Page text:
The implicit unanimous agreement provides the justification for, and limits to, state intervention under majoritarian democracy
dislike for, and disappointment with majoritarian democracy
vis-a-vis strong judicial review.
Day-to-day majoritarian politics is not what makes up the entirety of a democratic government or even of majoritarian democracy
that minorities in a majoritarian democracy
protect their rights by
A penultimate section develops a country case study of the causal mechanisms linking the emergence of more majoritarian democratic political institutions to development policies and growth in Indonesia, a country that underwent significant regime change from a developmental autocracy to a more majoritarian democracy
, The final section presents conclusions.
Dworkin attacks majoritarian democracy
(winner-take-all elections, the campaign against "activist judges") and defends "partnership" (e.
Perhaps the most attention has been paid to the free and fair rise to power of Turkey's Justice and Development Party (AKP), which Islamist movements in Egypt, Tunisia, Morocco and Syria have heralded as a symbol of Muslim majoritarian democracy
-- even explicitly referencing it in the names and platforms of their own parties, movements and factions.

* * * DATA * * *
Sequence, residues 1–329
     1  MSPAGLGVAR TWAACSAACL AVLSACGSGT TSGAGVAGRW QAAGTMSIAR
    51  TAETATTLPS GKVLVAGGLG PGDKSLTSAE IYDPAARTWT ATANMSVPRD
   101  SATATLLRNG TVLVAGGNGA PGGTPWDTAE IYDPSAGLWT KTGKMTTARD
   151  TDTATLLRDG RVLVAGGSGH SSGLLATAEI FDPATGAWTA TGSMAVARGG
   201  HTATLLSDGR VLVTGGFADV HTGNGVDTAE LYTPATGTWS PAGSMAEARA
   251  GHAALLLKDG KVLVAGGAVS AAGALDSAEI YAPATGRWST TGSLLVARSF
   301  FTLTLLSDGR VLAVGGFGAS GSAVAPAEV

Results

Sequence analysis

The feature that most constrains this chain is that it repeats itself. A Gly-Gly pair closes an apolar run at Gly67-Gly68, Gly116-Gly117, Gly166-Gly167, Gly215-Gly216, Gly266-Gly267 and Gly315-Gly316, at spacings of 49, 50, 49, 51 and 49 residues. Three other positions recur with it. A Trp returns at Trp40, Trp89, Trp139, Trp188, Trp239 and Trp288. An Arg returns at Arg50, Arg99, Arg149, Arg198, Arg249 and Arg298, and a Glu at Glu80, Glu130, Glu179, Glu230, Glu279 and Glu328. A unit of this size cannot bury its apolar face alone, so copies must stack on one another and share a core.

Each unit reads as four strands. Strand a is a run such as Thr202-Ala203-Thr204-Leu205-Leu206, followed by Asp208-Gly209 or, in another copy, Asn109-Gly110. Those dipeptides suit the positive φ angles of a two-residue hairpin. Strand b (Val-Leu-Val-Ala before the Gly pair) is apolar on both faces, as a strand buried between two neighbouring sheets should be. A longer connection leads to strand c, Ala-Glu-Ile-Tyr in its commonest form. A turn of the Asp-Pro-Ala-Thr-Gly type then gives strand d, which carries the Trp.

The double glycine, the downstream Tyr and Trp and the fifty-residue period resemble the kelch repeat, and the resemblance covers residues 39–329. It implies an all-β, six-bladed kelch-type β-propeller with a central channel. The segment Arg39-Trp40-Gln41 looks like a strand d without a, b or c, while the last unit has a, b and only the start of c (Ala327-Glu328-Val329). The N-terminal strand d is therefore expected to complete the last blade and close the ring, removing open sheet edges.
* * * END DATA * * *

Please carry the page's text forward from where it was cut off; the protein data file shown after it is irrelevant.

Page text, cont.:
The separationist regime, on the other hand, corresponds with the mixed form or majoritarian democracy
Thus, on the traditional approach, majoritarian democracy
and legal provisions for fairness (eg, minority rights safeguarded in a constitution) are at odds.
The author's emphasis on Mandela's greatness over his possible blind spots is understandable: his long career, especially negotiating in old age a transition to majoritarian democracy
, was remarkable, while his ability to transcend his own suffering makes scholarly criticisms seem churlish.
In manymulti-ethnic and multi-religious societies, the procedures of majoritarian democracy
have proven effective for managing group relations and maintaining social cohesion.
The principles of constitutional liberalism act as a corrective to the dangers of pure majoritarian democracy
in at least two fundamental ways: (1) they establish that certain fundamental rights (such as the right not to be subject to torture or other forms of degrading or inhuman treatment) cannot be abrogated by the will of the majority; and (2) they subject the decisions of democratically elected powers to the rule of law and make courts the guardians of the law.